The Federal Government will subsidise Hepatitis C treatments to the tune of $1 billion in a bid to fast-track the eradication of the potentially fatal disease from Australia.
Health Minister Sussan Ley said on Sunday that Australia would become one of the first nations in the world to publicly subsidise "breakthrough" Hep C cures that can currently cost patients up to $100,000.
She said the subsidy would be available for all Hep C sufferers in Australia, irrespective of their condition or how they contracted the illness.
The move aims to eliminate the disease from Australia within a generation.
Turnbull government to spend $1 billion on hepatitis C 'miracle cures' for all https://t.co/Brfwvw30LK— MJA (@theMJA) December 19, 2015
"With this announcement there is great hope we can not only halt the spread of this deadly infectious virus, but eradicate it altogether in time,” she said.
“More-than 230,000 Australians are estimated to be currently living with Hepatitis C ... we are currently seeing around 10,000 additional Australians diagnosed every year.
"As a result, deaths from primary liver cancer, for which untreated Hepatitis C is a major driver, are rising faster than for any other cancer."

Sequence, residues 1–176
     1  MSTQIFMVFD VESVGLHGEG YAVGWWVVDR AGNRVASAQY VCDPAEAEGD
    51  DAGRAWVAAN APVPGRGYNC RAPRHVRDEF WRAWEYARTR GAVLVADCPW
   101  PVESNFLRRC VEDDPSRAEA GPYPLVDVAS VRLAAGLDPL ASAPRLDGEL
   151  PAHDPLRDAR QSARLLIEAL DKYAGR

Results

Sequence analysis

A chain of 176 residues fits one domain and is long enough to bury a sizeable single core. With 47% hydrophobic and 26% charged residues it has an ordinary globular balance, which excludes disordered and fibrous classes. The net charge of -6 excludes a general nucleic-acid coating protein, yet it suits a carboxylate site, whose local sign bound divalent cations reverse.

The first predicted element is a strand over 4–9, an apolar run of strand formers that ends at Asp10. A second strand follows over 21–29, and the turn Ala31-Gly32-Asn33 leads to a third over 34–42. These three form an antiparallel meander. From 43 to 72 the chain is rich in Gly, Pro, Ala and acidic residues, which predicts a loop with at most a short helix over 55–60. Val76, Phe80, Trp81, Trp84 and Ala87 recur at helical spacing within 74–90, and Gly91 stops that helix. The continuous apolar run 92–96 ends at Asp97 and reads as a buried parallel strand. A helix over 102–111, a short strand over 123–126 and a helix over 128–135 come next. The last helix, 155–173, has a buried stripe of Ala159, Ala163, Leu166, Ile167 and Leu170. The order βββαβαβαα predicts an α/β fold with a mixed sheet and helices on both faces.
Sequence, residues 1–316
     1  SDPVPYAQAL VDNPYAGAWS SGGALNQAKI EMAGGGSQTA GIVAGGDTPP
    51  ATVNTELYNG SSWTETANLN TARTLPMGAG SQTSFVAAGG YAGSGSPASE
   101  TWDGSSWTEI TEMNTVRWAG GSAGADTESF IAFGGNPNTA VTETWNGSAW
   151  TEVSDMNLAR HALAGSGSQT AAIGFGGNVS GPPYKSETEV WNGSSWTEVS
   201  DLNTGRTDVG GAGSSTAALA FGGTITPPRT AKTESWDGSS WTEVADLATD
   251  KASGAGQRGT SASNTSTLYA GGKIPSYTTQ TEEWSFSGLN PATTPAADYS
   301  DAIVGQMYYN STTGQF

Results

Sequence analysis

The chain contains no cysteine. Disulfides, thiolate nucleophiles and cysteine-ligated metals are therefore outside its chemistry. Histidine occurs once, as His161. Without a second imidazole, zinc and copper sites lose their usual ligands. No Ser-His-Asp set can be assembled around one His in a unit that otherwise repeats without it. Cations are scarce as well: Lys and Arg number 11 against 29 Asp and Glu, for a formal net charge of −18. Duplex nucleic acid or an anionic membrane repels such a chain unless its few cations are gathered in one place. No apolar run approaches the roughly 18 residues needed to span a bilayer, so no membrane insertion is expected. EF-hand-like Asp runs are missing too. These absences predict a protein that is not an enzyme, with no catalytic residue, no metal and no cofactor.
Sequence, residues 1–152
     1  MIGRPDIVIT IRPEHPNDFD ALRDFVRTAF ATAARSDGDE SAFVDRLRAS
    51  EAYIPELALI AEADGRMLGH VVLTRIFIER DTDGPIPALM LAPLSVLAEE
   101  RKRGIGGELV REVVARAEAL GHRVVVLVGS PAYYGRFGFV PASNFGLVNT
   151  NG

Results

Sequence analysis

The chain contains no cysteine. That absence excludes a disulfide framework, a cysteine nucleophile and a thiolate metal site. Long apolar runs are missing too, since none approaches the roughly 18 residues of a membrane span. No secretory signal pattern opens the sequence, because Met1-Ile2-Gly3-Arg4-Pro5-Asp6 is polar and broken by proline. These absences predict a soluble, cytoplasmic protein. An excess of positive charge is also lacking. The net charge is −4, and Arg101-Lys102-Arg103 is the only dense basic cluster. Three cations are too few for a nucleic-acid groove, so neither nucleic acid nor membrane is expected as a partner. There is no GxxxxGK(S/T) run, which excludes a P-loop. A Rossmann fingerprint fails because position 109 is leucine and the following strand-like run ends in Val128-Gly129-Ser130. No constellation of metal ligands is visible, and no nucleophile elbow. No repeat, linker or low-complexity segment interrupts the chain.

Hepatitis C is an infectious blood borne virus that attacks the liver, causing its inflammation, and may lead to cirrhosis, end-stage liver disease, liver cancer and even death.
Sunday's announcement means a number of drug combinations to treat the disease will be listed on the Pharmaceutical Benefits Scheme (PBS) from March next year.
Under the changes, Hep C patients would pay the ordinary PBS co-payment for the medicines -- $6.10 for concessional patients and $37.70 for general patients.
The $1 billion in funding will be rolled out over five years, the government said.
Ley said the big spend was accounted for in last week's mid-year economic and fiscal outlook (MYEFO), but was not announced at the time.
The new-generation drugs being listed are Sofosbuvir with ledipasvir (Harvoni), Sofosbuvir (Sovaldi), Daclatasvir (Daklinza), and Ribavirin (Ibavyr).
Hepatitis Australia chief executive, Helen Tyrrell, described the announcement as "terrific".
"So many people have been anxiously waiting for this announcement. This is wonderful news and it is such a relief to have an end to the uncertainty,” she said.
“We congratulate Minister Ley who has delivered on her commitment to list these medicines as swiftly as she can and to make them available for everyone with Hepatitis C, which hasn’t been achieved elsewhere.
“Christmas will be a particularly joyous time this year for many living with Hepatitis C."
She said new Hepatitis C therapies had cure rates of more than 90 percent, shorter treatment times and avoided the "debilitating side-effects associated with existing therapies".